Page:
The review and selection process is competitive and includes elements from other state and federal grant programs. The scoring criteria is based on the Priorities Document.
An initial list of selected projects will be posted for a 45-day public comment period and the final list of selected projects will be included in the Multi-year Implementation Plan required by U.S. Treasury to secure grant funds.
In addition, application workshops will be held in Houston, Corpus Christi and Brownsville.
Over the next three months, Houston Wilderness will provide pertinent follow-up information via email, collaborative meetings and at http://houstonwilderness.org/gulf-restoration-funds/ on RESTORE grant funding and its relationship to the Gulf-Houston Regional Conservation Plan (seewww.gulfhoustonrcp.org). Please also see www.gulfhoustonrcp.org for information on the 5 key initiatives and respective environmental/conservation projects in the 8-county Gulf-Houston Region.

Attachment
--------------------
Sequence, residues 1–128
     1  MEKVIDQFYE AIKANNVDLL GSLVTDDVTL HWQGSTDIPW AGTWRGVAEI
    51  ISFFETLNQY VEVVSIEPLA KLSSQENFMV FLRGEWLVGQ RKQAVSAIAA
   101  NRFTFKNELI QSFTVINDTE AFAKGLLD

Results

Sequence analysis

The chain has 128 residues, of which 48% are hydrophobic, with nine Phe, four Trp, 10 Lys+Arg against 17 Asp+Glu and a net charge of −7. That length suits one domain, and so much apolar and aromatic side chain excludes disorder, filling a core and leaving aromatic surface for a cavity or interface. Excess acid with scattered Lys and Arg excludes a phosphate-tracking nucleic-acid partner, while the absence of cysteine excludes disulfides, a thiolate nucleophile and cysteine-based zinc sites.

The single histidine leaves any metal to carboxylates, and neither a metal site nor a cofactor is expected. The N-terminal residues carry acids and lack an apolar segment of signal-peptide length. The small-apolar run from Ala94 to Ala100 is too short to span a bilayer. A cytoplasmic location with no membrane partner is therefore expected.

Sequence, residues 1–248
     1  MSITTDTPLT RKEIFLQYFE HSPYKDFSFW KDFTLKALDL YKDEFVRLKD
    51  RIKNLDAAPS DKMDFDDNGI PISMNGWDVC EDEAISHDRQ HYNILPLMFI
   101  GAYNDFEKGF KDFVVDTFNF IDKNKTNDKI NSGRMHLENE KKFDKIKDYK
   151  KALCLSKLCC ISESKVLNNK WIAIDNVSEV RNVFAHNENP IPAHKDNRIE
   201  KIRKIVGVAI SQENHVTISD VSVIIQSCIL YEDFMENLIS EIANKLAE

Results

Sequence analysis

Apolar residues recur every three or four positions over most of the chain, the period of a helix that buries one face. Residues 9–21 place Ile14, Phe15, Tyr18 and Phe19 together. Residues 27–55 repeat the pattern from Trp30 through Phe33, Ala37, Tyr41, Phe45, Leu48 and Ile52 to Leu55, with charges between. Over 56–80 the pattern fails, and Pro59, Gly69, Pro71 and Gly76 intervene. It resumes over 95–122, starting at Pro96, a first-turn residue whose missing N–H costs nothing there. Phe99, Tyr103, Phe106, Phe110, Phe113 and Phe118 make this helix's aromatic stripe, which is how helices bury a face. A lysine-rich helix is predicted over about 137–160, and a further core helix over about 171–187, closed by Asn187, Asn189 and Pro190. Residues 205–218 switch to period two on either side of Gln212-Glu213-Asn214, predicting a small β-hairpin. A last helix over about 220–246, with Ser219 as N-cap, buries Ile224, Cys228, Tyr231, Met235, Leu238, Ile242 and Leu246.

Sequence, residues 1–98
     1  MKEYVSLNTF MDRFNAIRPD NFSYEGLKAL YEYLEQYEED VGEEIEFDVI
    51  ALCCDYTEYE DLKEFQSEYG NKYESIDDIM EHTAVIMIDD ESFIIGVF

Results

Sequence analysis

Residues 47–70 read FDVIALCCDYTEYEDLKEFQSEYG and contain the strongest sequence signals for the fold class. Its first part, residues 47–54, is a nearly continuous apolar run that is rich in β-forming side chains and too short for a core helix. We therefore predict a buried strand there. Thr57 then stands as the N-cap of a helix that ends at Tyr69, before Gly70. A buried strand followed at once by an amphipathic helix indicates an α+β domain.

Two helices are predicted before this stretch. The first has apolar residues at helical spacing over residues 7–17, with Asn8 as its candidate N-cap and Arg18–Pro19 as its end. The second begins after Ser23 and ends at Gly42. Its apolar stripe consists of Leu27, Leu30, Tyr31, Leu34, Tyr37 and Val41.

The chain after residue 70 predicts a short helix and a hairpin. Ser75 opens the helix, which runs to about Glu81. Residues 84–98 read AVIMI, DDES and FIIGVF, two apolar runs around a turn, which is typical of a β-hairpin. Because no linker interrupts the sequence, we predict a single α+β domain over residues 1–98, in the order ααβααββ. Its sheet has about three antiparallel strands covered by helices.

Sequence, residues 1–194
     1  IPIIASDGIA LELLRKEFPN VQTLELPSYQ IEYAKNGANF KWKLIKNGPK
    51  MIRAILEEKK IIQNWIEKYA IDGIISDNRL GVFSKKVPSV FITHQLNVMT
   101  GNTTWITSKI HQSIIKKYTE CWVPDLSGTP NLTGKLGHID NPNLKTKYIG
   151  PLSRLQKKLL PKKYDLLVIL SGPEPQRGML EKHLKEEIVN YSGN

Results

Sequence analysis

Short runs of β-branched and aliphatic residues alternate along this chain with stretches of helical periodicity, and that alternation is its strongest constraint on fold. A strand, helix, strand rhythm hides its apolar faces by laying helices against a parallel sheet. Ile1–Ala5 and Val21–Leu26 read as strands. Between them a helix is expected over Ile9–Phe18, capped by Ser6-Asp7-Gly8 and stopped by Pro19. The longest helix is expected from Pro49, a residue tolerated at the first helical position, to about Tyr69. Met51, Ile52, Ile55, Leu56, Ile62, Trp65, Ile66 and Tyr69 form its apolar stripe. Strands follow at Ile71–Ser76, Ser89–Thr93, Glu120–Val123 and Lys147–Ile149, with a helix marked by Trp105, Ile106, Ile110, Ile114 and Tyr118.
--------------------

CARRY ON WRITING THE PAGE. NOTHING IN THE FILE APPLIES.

In a strong bipartisan action, the Senate voted 65-33 on December 18th to pass the bill that will make the tax incentive for conservation easement donations permanent. This follows yesterday’s 318-109 vote in the House. This legislation has been a priority for the Land Trust Alliance for a decade, and it represents a huge win for conservation, for landowners and for the land trust community. Once signed into law the incentive will be applied retroactively to start Jan. 1, 2015.
Today’s vote also reauthorized the Land and Water Conservation Fund for three years and increased its funding from $306 million last year to $450 million this year.
The enhanced incentives have helped farmers, ranchers and other modest-income landowners increase the pace of land conservation. With the enhancements, land and easement donations can wipe out up to 50% of a taxpayer’s adjusted gross income (100% for farmers) and any unused portion can be carried forward and applied against AGI for up to 15 years. (Current law allows for a 30% of AGI deduction limit and a five-year carryforward.) The proposed deal includes a new provision that would permit Alaska Native Corporations to deduct donations of conservation easements up to 100% of taxable income.